Editorial: How many need to die before we crack down on guns?

  • Students from University of Nevada Las Vegas held a vigil on Oct. 2 in Las Vegas following the devastating mass shooting. ap photo

Monday, October 09, 2017

The arsenal is terrifying: 23 guns in the 32nd-floor suite at the Mandalay Bay Resort in Las Vegas, including 12 semi-automatic rifles equipped with “bump stocks” that allowed them to fire continuously. These were the weapons used to hunt humans as Stephen Craig Paddock unleashed 10 minutes of hell on the outdoor country music festival below.

The toll: 58 dead and 527 others wounded before Paddock killed himself.

The carnage became the deadliest mass shooting in modern United States history, less than 16 months after the last such milestone was reached — 49 killed and 58 hurt at the Pulse nightclub in Orlando, Florida, on June 12, 2016. Six months earlier, 14 died and 22 were injured in San Bernardino, California. During the past 10 years, nearly 350 Americans have died in mass shootings.

The victims are people who tragically are in the wrong place at the wrong time. Among them is Rhonda LeRocque, 42, of Tewksbury, a wife, mother and member of the Jehovah’s Witnesses who died last Sunday night in Las Vegas. She was at the concert with her husband, 6-year-old daughter and father-in law. Her relatives were not hurt.

Carol Marquis, LeRocque’s grandmother, told The Boston Globe, “All I know is someone started shooting and people are running and she got shot in the head. And we lost a dear, close, good person — one of the nicest people you will ever meet in your life.”

Natalie Vanderstay, a 43-year-old nurse from Los Angeles, is among the survivors, despite being shot in the stomach and having her leg shredded, apparently by shrapnel. From her bed at the University Medical Center in Las Vegas last week, she described the horror that she will never forget — the dead and dying, the people she couldn’t help.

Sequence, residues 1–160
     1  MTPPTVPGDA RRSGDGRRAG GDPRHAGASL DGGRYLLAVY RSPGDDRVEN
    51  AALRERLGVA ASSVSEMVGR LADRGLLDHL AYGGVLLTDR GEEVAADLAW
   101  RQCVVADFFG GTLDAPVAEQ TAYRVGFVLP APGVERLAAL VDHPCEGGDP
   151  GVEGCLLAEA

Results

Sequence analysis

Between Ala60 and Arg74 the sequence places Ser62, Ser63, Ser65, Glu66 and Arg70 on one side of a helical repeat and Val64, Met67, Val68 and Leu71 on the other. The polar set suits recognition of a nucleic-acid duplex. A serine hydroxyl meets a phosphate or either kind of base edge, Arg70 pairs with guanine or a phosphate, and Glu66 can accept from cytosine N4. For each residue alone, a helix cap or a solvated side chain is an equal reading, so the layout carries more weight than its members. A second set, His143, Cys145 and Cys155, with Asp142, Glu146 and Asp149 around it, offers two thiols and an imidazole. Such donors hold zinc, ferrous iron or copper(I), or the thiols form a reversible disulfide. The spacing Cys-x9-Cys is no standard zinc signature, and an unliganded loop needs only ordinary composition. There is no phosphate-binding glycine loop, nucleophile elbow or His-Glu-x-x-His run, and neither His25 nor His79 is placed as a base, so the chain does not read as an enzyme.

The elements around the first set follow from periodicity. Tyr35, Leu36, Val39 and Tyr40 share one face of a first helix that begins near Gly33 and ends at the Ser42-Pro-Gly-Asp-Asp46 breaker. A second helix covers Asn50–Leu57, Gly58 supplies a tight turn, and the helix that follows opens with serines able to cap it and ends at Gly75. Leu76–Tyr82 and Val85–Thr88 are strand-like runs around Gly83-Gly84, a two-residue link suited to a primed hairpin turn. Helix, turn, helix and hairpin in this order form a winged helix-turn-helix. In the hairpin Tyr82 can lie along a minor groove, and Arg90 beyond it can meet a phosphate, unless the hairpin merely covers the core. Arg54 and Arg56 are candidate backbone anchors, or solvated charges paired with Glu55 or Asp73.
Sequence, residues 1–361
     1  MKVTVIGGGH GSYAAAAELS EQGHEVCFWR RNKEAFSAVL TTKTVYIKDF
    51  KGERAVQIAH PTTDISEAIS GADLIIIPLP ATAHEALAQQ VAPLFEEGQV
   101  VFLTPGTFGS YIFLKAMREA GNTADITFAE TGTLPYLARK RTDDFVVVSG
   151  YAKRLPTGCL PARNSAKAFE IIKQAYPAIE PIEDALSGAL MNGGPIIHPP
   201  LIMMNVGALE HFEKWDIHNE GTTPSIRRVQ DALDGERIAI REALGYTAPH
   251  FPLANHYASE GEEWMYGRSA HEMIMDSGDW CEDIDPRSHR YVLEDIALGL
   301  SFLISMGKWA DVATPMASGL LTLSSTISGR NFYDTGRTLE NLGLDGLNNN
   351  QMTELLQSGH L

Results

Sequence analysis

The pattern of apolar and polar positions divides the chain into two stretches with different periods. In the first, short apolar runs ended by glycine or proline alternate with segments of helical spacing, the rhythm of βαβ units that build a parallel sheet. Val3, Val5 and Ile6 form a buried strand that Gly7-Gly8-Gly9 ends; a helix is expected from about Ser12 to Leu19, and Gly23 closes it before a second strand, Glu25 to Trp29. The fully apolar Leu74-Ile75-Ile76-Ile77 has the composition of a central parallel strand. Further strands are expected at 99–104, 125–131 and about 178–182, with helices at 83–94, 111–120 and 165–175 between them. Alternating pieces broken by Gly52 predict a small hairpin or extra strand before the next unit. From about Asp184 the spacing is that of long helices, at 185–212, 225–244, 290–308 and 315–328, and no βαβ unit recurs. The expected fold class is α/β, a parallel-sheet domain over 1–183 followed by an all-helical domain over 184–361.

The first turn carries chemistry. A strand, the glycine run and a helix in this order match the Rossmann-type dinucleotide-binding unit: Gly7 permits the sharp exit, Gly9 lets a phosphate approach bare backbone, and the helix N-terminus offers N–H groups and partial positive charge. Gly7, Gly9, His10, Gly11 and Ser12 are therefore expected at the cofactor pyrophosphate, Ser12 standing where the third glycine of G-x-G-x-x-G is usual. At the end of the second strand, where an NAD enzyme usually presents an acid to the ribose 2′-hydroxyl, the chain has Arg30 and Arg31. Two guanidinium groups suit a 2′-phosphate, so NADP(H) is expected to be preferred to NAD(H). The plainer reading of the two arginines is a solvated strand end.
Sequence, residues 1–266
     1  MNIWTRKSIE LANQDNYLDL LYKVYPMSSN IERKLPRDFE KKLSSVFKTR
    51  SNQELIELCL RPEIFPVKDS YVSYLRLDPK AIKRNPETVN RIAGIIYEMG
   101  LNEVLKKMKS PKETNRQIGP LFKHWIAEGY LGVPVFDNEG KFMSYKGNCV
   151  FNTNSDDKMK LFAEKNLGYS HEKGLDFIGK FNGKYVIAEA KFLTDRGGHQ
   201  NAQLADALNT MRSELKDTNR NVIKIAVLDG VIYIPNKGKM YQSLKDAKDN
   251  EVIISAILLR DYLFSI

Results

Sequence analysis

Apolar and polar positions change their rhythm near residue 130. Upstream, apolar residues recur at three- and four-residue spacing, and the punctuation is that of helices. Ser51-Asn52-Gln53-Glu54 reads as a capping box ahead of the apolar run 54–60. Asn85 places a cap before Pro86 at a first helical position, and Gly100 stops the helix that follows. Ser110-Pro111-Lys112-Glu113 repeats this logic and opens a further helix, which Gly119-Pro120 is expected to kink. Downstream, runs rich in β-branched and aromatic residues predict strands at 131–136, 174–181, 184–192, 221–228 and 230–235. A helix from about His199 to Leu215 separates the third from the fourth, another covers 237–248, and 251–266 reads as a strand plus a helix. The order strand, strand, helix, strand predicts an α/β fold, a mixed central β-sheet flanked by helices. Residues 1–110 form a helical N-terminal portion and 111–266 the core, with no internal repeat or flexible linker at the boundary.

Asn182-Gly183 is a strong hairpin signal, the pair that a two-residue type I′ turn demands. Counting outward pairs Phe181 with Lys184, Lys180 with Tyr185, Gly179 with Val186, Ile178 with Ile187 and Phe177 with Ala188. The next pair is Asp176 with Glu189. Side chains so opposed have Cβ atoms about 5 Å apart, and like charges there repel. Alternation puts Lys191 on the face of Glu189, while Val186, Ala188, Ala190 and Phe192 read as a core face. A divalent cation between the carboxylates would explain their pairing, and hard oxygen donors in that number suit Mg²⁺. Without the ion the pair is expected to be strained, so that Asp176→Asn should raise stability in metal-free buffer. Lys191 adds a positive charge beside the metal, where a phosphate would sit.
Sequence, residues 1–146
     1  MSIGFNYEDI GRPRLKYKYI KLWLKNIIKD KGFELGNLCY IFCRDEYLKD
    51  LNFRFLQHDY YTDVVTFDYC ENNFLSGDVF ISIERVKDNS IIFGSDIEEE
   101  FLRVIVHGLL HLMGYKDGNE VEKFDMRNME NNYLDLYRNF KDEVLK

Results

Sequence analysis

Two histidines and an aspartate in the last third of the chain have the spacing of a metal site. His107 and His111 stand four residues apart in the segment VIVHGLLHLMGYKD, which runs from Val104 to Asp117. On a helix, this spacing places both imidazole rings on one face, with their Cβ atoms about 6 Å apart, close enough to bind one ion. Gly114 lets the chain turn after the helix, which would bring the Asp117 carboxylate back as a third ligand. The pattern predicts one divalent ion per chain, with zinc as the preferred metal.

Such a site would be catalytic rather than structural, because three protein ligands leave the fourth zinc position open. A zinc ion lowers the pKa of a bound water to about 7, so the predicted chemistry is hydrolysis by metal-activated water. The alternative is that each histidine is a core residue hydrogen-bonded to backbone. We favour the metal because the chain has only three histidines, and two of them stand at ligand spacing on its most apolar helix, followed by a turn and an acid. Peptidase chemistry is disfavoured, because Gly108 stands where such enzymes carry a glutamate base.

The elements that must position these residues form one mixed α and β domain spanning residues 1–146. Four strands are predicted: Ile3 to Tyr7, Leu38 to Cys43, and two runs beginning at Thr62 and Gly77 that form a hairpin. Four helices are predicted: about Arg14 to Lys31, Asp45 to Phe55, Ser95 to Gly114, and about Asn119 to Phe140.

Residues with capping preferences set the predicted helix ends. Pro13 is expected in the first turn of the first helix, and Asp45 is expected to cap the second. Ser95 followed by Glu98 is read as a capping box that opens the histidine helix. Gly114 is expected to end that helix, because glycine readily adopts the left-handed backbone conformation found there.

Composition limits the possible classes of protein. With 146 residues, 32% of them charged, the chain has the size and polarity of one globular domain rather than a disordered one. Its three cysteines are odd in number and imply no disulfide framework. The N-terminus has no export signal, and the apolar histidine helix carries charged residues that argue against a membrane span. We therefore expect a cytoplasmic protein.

“People were screaming. And the screams got louder and louder. I felt this force in my stomach and I knew that I had gotten shot … it felt like a huge baseball, just the force of it going through my stomach.

“There were people that were dead. There was a guy, his eye was blown out, and I couldn’t help him.”

Authorities have yet to offer any clues about what drove Paddock’s murderous rampage, but does motive really matter? It is known that Paddock, a high-stakes gambler and real-estate investor, had amassed 47 firearms — rifles, shotguns and pistols — that authorities said were recovered from the hotel suite and two properties he owned in Nevada. Apparently, all were purchased legally. Explosives and 1,600 rounds of ammunition were found in his car, parked with the hotel valet.

No American needs to possess that kind of firepower.

Republican leaders in Washington, D.C., initially offered little conviction that this latest massacre will move them toward meaningful gun control legislation.

“We’ll be talking about gun laws as time goes by,” President Donald Trump said Tuesday.

“I think it’s premature to be discussing legislative solutions, if there are any,” Senate Majority Leader Mitch McConnell, of Kentucky, offered.

Finally on Thursday, House Speaker Paul Ryan, of Wisconsin, who said he was unaware of “bump stocks” before the Las Vegas shooting, allowed, “Clearly that’s something we need to look into.”

Also Thursday, the National Rifle Association, the largest pro-gun lobby in the country, said that devices like bump stocks “should be subject to additional regulations.” While that may be a good first step, far more is needed for meaningful gun legislation.

Earlier in the week, Ryan was more interested in talking about mental health reform. “One of the things we’ve learned from these shootings is often underneath this is a diagnosis of mental illness.”

While there’s truth to that, it’s guns in the hands of mentally ill people that allows them to kill scores of Americans. One senator who understands that is Chris Murphy, a Democrat from Connecticut, who was the congressman for Newtown when 20 children and six adults were killed by a gunman at Sandy Hook Elementary School in December 2012.

“Nowhere but America do horrific large-scale mass shootings happen with this degree of regularity. (Last Sunday) night’s massacre may go down as the deadliest in our nation’s history, but already this year there have been more mass shootings than days in the year,” Murphy said.

“This must stop. It is positively infuriating that my colleagues in Congress are so afraid of the gun industry that they pretend there aren’t public policy responses to this epidemic. There are, and the thoughts and prayers of politicians are cruelly hollow if they are paired with continued legislative indifference,” he continued.

How much higher does the body count need to climb before America’s leaders find the will to stem the gun violence?